Gubernatorial candidates square off on family issues CAMPAIGN 1994 -- THE RACE FOR GOVERNOR

May 11, 1994|By William F. Zorzi Jr. | William F. Zorzi Jr.,Sun Staff Writer

Seven gubernatorial candidates squared off last night on a host of family issues that ranged from welfare reform to spanking school children, but offered few specific remedies.

The candidates, Democrats and Republicans, wrestled with the complex issues of government's role in protecting and providing for children and families, and spurring the state economy with the hope of more and better-paying jobs.

The two-hour forum at the University of Maryland Baltimore County was sponsored by the MarylandCommittee for Children Inc., a private, nonprofit advocacy group.

The program, moderated by radio talk-show host Marc Steiner, was broadcast live over WJHU-FM.

Missing among the major candidates was Rep. Helen Delich Bentley, the Republican congresswoman from the 2nd District running for the GOP nomination.

Democrat Frank A. Conaway, a former Baltimore delegate, also was a no-show.

Baltimore County Del. Ellen R. Sauerbrey, the House of Delegates minority leader running for the GOP nomination, decried welfare as "30 years of failure" and said, "The best care for our children is going to come from a good two-parent family."

Other candidates pointed out the shortcomings of welfare but stayed away from suggesting a two-parent family was the solution.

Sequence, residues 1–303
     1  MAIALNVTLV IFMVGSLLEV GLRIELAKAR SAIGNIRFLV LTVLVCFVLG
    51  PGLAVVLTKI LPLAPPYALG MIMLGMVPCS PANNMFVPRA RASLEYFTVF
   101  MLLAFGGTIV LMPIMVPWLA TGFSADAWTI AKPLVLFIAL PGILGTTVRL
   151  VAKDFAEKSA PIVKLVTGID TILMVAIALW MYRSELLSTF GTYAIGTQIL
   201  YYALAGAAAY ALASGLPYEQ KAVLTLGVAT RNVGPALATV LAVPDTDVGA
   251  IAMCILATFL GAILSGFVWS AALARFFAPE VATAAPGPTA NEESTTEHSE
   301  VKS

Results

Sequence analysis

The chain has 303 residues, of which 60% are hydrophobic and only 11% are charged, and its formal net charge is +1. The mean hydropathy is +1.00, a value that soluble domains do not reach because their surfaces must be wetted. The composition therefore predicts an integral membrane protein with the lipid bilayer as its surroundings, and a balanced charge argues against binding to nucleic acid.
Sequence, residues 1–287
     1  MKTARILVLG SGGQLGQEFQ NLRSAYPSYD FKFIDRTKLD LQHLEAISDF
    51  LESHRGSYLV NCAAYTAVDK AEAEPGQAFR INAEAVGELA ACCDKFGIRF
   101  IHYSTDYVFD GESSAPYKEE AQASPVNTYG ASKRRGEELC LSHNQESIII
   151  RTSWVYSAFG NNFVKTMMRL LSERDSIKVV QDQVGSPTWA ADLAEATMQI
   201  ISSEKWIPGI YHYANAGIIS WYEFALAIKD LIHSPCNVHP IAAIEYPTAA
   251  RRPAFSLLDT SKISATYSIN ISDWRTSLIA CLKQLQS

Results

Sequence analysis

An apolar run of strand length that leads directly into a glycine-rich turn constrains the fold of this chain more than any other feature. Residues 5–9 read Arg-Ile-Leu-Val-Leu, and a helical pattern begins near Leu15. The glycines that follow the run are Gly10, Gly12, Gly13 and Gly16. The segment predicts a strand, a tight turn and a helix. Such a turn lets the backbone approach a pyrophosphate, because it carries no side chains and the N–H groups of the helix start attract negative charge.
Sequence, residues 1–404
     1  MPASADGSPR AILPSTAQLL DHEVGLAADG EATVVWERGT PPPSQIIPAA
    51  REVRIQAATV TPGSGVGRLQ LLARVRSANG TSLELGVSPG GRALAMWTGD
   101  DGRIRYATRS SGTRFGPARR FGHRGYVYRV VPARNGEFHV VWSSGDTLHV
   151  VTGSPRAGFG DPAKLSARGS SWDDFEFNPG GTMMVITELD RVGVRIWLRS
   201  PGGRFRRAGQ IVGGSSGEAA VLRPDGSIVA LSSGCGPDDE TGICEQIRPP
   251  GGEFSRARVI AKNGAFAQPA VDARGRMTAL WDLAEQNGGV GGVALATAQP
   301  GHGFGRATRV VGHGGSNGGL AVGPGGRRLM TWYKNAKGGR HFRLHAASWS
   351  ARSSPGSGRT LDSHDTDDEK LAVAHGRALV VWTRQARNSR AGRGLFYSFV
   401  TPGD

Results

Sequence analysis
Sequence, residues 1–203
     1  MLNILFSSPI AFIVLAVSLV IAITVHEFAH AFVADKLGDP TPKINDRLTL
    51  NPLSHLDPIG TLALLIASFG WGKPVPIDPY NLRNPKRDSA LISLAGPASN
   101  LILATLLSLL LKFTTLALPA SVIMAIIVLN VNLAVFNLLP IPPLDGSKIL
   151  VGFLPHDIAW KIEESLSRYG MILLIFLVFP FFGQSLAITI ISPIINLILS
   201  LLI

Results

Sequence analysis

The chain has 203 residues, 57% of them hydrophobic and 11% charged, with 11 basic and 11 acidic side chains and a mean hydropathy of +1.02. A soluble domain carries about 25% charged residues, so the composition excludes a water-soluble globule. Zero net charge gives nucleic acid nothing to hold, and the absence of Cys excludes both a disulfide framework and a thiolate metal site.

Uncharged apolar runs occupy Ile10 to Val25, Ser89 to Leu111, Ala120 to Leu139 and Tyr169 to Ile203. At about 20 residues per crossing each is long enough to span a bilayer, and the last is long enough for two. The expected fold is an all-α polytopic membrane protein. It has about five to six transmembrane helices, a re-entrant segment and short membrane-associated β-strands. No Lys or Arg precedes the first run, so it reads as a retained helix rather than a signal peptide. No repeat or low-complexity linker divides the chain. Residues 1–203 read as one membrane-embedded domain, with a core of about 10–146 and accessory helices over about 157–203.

Mrs. Sauerbrey said she favored a welfare reform that includes a "family cap," which would deny more payments to women statewide who have additional children while on welfare.

The cap was included in a welfare reform bill proposed by Gov. William Donald Schaefer to the General Assembly this year, but legislators removed that provision.

The bill that passed -- which Mr. Schaefer said he would consider vetoing -- would set up a pilot program in Baltimore City and Anne Arundel and Prince George's counties to reduce and eventually eliminate payments to recipients who fail to find a job or perform community service after 18 months on the rolls.

Mrs. Sauerbrey also was the only candidate favoring religious exemptions to child-care regulations overseen by the Maryland Department of Human Resources -- a proposal that failed in this year's session of the Maryland General Assembly.

Those exemptions, said state Sen. American Joe Miedusiewski, a Baltimore Democrat, were nothing more than a guise to allow corporal punishment -- spanking -- in church-run day-care centers.

Mr. Miedusiewski, a Baltimore Democrat running in a crowded field for his party's gubernatorial nomination, opposed the exemptions in the legislature this year.

The other Republican on the panel, William S. Shepard -- a retired foreign service officer and the 1990 GOP standard bearer -- offered moderate views that seemed more in line with the three other Democratic candidates on the panel -- Prince George's County Executive Parris N. Glendening, Lt. Gov. Melvin A. "Mickey" Steinberg and Montgomery County Sen. Mary H. Boergers.

Perennial candidate Lawrence K. Freeman, a perennial candidate and follower of Lyndon H. LaRouche Jr., was not invited but was allowed to sit on the panel and take questions.

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